In December 1918, they merged with the Kingdom of Serbia into the Kingdom of Serbs, Croats and Slovenes (renamed Kingdom of Yugoslavia in 1929).
During World War II, Slovenia was occupied and annexed by Germany, Italy, and Hungary, with a tiny area transferred to the Independent State of Croatia, a Nazi puppet state.
Consequently, the Frankish feudal system reached the Slovene territory.
After the victory of Emperor Otto I over the Magyars in 955, Slovene territory was divided into a number of border regions of the Holy Roman Empire.
This article is about the country bordering the Adriatic Sea.
For the landlocked country to its northeast, see Slovakia.
A part of the inner state was protected with a defensive line of towers and walls called Claustra Alpium Iuliarum.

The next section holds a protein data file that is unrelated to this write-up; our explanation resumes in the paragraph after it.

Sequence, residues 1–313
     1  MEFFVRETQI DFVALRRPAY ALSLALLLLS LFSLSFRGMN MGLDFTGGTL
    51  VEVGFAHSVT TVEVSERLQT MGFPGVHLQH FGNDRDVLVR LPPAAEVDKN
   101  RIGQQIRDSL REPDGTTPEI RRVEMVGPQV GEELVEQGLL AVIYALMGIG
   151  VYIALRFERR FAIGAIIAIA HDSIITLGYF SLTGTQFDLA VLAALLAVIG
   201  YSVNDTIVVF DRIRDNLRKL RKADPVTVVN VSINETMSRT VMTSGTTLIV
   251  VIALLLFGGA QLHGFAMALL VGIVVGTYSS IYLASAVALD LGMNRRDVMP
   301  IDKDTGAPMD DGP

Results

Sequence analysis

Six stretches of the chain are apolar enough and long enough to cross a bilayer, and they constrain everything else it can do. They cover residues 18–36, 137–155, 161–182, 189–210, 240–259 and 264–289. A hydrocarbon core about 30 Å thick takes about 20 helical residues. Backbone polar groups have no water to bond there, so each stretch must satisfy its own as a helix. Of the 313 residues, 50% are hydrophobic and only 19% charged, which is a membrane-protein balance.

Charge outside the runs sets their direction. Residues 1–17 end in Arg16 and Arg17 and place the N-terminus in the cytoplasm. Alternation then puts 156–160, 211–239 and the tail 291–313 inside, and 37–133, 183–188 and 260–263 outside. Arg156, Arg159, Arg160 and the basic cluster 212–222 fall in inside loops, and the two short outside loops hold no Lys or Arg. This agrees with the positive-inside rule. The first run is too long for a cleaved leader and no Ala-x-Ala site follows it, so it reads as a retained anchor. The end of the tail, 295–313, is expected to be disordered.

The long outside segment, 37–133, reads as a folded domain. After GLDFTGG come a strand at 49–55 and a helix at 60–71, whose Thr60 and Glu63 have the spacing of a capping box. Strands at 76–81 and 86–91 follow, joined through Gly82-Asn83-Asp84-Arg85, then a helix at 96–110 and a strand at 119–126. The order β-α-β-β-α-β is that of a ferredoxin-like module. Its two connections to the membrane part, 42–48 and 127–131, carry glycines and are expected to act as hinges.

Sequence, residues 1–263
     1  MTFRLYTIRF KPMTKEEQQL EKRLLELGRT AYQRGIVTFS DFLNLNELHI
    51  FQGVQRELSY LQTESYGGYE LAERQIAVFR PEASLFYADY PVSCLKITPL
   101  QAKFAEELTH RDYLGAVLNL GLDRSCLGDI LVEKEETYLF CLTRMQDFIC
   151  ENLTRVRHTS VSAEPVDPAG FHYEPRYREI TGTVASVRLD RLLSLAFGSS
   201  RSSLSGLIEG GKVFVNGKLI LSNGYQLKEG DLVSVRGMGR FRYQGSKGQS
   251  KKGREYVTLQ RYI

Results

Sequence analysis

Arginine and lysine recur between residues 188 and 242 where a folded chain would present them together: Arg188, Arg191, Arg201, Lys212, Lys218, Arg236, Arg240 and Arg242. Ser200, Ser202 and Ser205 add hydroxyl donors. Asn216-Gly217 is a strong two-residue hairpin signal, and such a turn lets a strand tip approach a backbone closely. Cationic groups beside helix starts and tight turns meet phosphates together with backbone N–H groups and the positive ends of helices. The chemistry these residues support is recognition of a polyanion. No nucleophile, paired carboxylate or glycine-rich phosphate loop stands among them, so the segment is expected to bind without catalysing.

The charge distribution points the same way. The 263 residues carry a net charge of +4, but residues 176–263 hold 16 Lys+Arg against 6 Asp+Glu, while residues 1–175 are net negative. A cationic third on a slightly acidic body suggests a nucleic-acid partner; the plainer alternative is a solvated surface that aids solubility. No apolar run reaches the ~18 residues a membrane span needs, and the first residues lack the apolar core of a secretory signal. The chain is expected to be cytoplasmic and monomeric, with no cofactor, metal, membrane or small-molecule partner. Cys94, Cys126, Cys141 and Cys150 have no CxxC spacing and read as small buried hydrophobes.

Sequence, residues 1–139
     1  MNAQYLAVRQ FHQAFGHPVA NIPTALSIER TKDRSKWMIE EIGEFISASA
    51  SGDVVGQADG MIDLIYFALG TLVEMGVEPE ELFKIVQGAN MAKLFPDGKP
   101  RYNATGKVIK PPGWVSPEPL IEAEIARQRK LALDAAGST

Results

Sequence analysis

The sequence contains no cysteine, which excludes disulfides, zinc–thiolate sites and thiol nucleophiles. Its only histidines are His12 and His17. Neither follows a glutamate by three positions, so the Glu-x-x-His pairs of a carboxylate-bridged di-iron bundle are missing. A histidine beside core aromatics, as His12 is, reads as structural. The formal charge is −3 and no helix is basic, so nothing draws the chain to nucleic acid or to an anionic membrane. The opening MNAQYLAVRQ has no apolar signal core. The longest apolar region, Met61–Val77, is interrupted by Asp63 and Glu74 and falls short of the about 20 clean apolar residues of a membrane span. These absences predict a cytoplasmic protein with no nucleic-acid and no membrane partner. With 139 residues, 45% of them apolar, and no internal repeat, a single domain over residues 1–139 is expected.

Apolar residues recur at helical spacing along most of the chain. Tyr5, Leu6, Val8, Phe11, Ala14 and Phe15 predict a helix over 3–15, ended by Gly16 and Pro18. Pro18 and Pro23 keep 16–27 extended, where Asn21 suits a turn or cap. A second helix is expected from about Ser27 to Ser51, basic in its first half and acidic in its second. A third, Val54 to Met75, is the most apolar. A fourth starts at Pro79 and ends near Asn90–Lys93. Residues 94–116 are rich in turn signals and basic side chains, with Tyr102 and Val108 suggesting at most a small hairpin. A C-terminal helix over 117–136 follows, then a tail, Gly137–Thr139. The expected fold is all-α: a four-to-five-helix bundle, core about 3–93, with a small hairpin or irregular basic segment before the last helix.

The area that is present-day Slovenia was in Roman times shared between Venetia et Histria (region X of Roman Italia in the classification of Augustus) and the provinces Pannonia and Noricum.
In 2002, remains of pile dwellings over 4,500 years old were discovered in the Ljubljana Marshes, now protected as a UNESCO World Heritage Site, along with the Ljubljana Marshes Wooden Wheel, the oldest wooden wheel in the world.
In the transition period between the Bronze age to the Iron age, the Urnfield culture flourished.
After its disintegration following Samo's death in 658 or 659, the ancestors of the Slovenes located in present-day Carinthia formed the independent duchy of Carantania.
The Carantanians, one of the ancestral groups of the modern Slovenes, particularly the Carinthian Slovenes, were the first Slavic people to accept Christianity.